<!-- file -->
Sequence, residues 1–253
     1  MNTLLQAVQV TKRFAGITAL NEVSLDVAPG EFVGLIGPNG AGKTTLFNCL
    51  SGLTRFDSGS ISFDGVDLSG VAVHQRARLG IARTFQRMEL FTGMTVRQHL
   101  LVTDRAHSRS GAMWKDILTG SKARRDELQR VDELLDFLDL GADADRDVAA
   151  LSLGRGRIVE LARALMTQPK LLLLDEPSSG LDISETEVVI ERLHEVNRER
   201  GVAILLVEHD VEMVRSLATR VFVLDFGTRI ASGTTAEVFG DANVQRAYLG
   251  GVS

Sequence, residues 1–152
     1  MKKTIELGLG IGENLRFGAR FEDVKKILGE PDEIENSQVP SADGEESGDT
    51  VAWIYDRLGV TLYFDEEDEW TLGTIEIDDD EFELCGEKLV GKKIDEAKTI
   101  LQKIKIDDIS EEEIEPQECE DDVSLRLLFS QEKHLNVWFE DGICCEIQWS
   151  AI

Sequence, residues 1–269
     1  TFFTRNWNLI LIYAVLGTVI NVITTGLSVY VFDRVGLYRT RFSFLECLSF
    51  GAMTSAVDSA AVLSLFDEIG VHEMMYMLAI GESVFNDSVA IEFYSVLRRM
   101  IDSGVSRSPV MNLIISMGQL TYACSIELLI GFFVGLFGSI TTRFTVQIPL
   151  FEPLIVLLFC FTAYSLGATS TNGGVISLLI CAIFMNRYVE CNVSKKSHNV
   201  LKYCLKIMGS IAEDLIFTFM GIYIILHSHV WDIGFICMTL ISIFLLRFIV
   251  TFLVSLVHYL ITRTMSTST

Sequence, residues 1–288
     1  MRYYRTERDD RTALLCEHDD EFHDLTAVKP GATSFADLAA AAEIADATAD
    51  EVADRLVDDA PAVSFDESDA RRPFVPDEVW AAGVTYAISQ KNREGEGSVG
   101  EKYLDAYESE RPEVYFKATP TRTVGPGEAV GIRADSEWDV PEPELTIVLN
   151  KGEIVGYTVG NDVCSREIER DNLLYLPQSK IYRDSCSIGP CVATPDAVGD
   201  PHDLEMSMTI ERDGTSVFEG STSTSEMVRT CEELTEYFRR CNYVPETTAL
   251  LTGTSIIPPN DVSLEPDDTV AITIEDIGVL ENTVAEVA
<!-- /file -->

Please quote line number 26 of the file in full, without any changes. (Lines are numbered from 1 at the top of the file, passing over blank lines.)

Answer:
   251  LTGTSIIPPN DVSLEPDDTV AITIEDIGVL ENTVAEVA